2011-09-14 / News from our Schools

Learning a skill at Maine School of Masonry

By BJ Bangs Irregular Staff Writer


September means back to school, and students at Maine School of Masonry in Avon are no exception. Owner Steven Mitchell, pictured here, points out that once they complete the nine-month course, they will be equipped with a trade —one that is wide open, he said. (BJ Bangs photo) September means back to school, and students at Maine School of Masonry in Avon are no exception. Owner Steven Mitchell, pictured here, points out that once they complete the nine-month course, they will be equipped with a trade —one that is wide open, he said. (BJ Bangs photo) AVON — September marks back to school, and for students at Maine School of Masonry in Avon, once they complete the nine-month course, they will be equipped with a trade —one that is wide open to those that want to “really become good at it,” said Steve Mitchell, owner and operator of the school.

Fewer and fewer people are becoming masons, he said, much because it is a very physically demanding job. On the upside, he said, it’s very creative, and something that can last through history. Stone work has existed since the days of the pyramids. “It’s a really good program for the right kids… But they need to be motivated, and want to go out and find the contractors, become apprentices, and find the jobs,” he said.

The school attracts people as far away as Wyoming. Last year, 11 students graduated. And it’s hands-on from the beginning, he said. They must complete 1350 hours of coursework, including 35 or more assigned projects. This year, classes start Tuesday, Sept. 6.

Upon entering the 4,000-square-foot building, the old Lauri Toy Factory, on Route 4 in Avon, one sees the building area with last year’s fireplaces, chimneys, walls and archways still in tact until the fall class dismantles them, scraping the mortar, and making the bricks and stones usable for their own projects.

It hasn’t been an easy road, said Mitchell, who took advantage of the Phillips MicroLoan program to borrow $10,000 for a forklift to bring materials into the building. That helped a lot, he said.

He divides the school year into four nine-week quadrants. They start with beginning bricklaying where they learn about different bonds, corners, cleaning, tools and equipment. “They get the feel of bricklaying,” he said.

Then, they move on to advanced bricklaying, where they learn how to build fireplaces and arches. There are 13 or 14 different arches. They learn how it all fits into place, he said. The third part focuses on block lying, where they work with four-, six- and eight-inch blocks, and learn to build stone walls, foundations and outside chimneys. In the fourth part they learn about dry laying (laying patio stones with sand in between them) and wet stones, which are mortared.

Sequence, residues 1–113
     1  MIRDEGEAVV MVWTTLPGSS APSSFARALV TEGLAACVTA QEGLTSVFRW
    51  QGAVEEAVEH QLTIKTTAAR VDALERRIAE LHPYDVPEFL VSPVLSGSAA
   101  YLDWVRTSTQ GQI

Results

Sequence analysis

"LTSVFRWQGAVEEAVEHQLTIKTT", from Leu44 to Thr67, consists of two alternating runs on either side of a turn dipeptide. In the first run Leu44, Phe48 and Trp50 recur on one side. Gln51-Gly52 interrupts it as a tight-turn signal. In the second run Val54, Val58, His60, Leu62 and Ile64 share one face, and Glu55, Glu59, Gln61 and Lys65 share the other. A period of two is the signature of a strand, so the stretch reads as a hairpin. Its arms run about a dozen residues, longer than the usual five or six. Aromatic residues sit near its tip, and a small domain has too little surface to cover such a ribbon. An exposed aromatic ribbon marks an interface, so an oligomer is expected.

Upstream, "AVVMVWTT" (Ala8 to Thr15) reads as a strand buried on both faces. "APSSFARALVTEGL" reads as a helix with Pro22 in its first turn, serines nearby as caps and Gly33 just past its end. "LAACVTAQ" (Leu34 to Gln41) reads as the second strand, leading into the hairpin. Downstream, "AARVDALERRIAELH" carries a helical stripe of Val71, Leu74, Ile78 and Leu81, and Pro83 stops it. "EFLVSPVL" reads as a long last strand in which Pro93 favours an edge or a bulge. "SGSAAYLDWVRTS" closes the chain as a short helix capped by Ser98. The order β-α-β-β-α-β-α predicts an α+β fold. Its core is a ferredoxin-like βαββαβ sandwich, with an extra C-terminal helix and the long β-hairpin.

Students also learn the value of volunteer work. The masonry school has volunteered on projects in many area towns including Phillips, Farmington and New Sharon. This fall, they will be working on three projects: the pears that hold the fence at Farmington’s Hippoch Field; extending the rails and finishing the steps at the Little Red Schoolhouse at Farmington Fairgrounds; and extending the walkways at the Madrid Schoolhouse (now the historical society).

“This trade is not just to make money, but also to help people,” he said.

They’ve worked on churches, community buildings and town halls. Mitchell said he tries to stay away from individuals because their tastes are so different and diverse. That would be hard for the students to perform that advanced level of work.

His two best students get a chance to spend the summer at the school getting even more hands-on experience.

This is Mitchell’s seventh year operating the school. He travels to schools throughout the state, explaining the program and why it would make a good paying career. About 2,000 masons leave the trade each year with only 200 new masons coming in to replace them, he said. Because of this, a lot of wholesalers are capitalizing on veneer products, fake stones and brick that people can glue on the walls.

Mitchell decided to go into masonry when he was a senior in high school. His father, Alden, taught industrial arts in Farmington, and then Mt. Blue High School. He didn’t want to follow in his footsteps, and found he didn’t want to teach, either. He obtained a degree in masonry from Northern Maine Vocational Technical Institute in 1973. When his apprenticeship ended, he started his own business. But of the 16 graduates in his class, only two are still in masonry.

While his business was successful, he found himself drawn back to teaching. In 1980, he accepted a position teaching masonry at the Middle American Teen College for challenged youths from Chicago, New York and beyond, in Cape Jirdeau, Mo. He’s also taught masonry in vocational school and in adult education programs.

When the Opportunity Center of Northern Franklin County formed in Avon in 2004, Mitchell became involved. Lauri Sibalkin, who owned the former Lauri factory buildings, asked Mitchell what he would do with the old toy factory on Route 4. “It was instantly clear,” he said. In 2004, he bought the building. The Opportunity Center helped him obtain a $5,000 grant from the Maine Community Foundation to purchase a large, reinforced trailer and some tools, and a grant from Sugarloaf/USA to buy tools.

Since then, Mitchell has been teaching future masons, hopefully filling the need in a field where there is a tremendous shortage of skilled workers. It’s tough being the teacher and recruiter, he said, hoping to blanket as many schools as he can promoting masonry as a career field.

For more information on the school and pricing, call 639-2392, email Masonryschool@tds.net or visit masonryschool.org. Students must be at least 18 years old to attend.

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